Directed by Jonathan Teplitzky, the film is one of a number in recent years, including the upcoming "Unbroken," the story of American G.I. Louis Zamperini, to examine World War II and Japanese prison camps. Kidman said many old veterans "are carrying around huge burdens" and young soldiers returning today from Iraq and Afghanistan are "deeply traumatized ... it's devastating."
Kidman is a busy actress and a prodigious researcher, sifting through the layers of characters, such as Martha Gellhorn, the war correspondent in the HBO movie "Hemingway & Gellhorn," and Grace Kelly, movie star and royalty in the upcoming "Grace of Monaco." She is discriminating, and when she speaks of larger-than-life roles her Australian vowels flatten and harden with intensity. She equates Australians with Texans — independent, spirited, inured to harsh terrains and vast expanses.
"I try to be right in there, and that allows me the emotional kind of well with an enormous amount of experience now," said Kidman, 46. "I don't have to struggle to find things, which is a great place to be as an actress. It's just I then have to be careful what I choose, where I choose to place it and whose hands I put it in. At this stage, I don't want to waste my time because it's so precious. I want to work with people who want to delve deeply. I'm not interested in lightweight stuff."
Kidman sat recently in a small ballroom in a Beverly Hills hotel. She was happy to promote her film but professed a sharp distaste for marketing research: "C'mon," she said, "how are you going to break new ground or find new things if you're being ruled ... by opinions and surveys." Studios, directors and producers who back her are promised: "I'll always be on time and I won't waste your money."
Such sentiment sent her to Morocco and along the Algeria border, where she recently camped and rode camels while filming "Queen of the Desert," Werner Herzog's biopic about Gertrude Bell, a British archaeologist and explorer instrumental in mapping modern-day Jordan and Iraq.
"It was thrilling to play a woman in 1915 heading off into the desert. She did what Lawrence of Arabia did, in a different way," said Kidman, who is expected to have at least four films out this year. "To be in her skin has given me incredible desire and boldness right now ... and nobody knows about her, which infuriates me."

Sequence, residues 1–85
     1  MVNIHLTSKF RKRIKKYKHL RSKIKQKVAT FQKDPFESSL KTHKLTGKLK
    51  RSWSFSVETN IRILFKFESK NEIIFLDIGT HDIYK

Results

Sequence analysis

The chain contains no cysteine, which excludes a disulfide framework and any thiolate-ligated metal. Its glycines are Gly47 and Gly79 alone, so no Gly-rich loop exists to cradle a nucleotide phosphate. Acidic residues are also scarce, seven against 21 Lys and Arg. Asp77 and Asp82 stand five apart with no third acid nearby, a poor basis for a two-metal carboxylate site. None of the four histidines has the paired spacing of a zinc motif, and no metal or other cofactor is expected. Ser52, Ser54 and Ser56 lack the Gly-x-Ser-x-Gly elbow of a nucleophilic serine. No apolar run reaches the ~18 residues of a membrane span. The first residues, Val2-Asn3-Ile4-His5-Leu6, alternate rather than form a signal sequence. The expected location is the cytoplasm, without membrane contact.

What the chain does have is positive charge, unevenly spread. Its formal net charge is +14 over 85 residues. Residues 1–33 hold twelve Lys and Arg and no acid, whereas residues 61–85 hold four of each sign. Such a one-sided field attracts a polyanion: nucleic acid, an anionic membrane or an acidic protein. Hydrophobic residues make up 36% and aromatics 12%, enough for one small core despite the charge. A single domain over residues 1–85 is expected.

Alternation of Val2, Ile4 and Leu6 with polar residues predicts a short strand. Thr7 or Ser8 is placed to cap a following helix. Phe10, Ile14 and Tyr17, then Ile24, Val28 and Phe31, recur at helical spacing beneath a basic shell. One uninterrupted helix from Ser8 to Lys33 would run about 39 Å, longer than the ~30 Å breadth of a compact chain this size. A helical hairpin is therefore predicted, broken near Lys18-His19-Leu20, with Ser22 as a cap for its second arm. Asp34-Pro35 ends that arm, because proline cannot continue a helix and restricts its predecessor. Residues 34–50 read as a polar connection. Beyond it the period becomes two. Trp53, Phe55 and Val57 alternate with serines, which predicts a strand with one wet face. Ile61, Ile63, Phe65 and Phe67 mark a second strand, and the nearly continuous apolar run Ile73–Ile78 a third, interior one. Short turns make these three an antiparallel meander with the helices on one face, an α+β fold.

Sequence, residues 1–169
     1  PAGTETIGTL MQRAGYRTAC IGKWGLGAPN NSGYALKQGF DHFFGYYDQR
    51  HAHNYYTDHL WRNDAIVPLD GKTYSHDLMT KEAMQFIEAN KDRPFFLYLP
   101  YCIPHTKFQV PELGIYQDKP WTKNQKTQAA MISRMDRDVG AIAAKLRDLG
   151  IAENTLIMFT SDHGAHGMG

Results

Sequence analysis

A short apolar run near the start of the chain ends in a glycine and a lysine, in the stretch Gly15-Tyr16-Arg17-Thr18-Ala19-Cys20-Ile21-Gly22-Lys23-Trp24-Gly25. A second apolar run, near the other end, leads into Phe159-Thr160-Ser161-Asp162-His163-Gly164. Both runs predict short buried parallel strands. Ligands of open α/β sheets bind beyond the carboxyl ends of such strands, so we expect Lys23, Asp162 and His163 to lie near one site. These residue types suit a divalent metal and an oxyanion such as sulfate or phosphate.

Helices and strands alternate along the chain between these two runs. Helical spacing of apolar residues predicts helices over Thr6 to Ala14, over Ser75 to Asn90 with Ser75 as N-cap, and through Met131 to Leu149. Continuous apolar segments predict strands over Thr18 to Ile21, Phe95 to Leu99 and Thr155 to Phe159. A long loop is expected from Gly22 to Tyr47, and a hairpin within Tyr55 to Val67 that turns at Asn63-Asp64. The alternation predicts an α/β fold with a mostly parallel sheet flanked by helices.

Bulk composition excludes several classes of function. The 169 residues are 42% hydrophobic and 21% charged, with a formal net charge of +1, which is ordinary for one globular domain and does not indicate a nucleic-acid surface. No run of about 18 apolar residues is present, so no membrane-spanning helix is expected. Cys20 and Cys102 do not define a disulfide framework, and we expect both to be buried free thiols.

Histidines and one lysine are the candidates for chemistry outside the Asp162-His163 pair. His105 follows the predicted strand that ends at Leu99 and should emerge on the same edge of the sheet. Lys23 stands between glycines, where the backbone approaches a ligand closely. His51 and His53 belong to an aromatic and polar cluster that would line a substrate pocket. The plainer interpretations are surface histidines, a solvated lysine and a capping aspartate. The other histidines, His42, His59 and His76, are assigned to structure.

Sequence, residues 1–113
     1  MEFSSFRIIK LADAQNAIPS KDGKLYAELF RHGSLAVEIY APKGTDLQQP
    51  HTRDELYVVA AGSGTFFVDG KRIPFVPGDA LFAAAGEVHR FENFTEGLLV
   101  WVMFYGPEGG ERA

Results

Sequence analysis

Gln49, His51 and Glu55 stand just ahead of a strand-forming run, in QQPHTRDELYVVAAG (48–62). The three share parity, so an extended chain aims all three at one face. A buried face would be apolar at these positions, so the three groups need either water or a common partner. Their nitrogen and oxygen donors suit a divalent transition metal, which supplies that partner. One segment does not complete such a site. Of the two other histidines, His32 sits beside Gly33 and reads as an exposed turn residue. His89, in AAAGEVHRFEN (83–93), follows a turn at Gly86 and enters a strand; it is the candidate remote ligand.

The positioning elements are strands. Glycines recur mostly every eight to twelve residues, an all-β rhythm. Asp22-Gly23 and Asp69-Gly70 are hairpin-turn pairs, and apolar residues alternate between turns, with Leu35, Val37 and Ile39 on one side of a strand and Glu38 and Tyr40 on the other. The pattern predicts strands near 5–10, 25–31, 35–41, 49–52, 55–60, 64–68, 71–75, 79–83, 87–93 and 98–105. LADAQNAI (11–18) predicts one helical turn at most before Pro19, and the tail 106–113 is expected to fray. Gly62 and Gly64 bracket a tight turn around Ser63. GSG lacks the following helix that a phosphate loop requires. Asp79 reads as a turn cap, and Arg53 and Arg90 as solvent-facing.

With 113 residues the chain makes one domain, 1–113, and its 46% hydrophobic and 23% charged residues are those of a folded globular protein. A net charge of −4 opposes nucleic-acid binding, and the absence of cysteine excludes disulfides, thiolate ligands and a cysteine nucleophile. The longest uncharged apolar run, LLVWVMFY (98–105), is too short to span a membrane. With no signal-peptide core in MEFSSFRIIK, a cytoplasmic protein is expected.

She leaned back. It appeared she needed another adventurous role — quickly — before the mystique of Gertrude Bell faded. "Keep finding the stories and telling them," said Kidman, who lives in Nashville with her two daughters and husband Keith Urban. "I still don't think the great 'War and Peace' [movie] has been made."
Footsteps echoed down a hall past a scent of cut flowers. She spoke of Woolf's genius and the psychological interiors of her novels. They were insistent to find something new. Kidman said, "I love in the most dangerous way I can" and that life, as we go on, gets tougher; parents age, friends are lost, unforeseen accumulations reveal frailties. "All those things swirling around you." Hemingway — Gellhorn was his third wife — once said people grew stronger at the broken places.
"We discover our strengths then," she said. "When those things hit you, and they can hit you hard in whatever form they come, that's when you discover your fortitude. ... I'm the most openly emotional in my family. My mom calls me the changeling." Her parents are academics — her father a biochemist, her mother a nursing teacher — and Kidman said they tease her that "the fairies left you in the yard and we don't quite know where you came from."
She was asked what was the grist of her creativity. She answered with a story about traveling with Urban through the Australian outback.
"We were driving in the car and [lying] on the side of the road was a kangaroo," she said. "I said, 'Oh, my gosh we have to stop.' I wanted to look. And he's like, 'No, no we'll just keep driving.' I said, 'But it's so upsetting.' And he said, 'Just don't look.' I said, 'That is so interesting, there's a metaphor for our relationship, 'cause you're, like, just keep going ... and I've go to look at it.' I've got to look it right in the eye. I've got to see it. I've got to feel and understand it."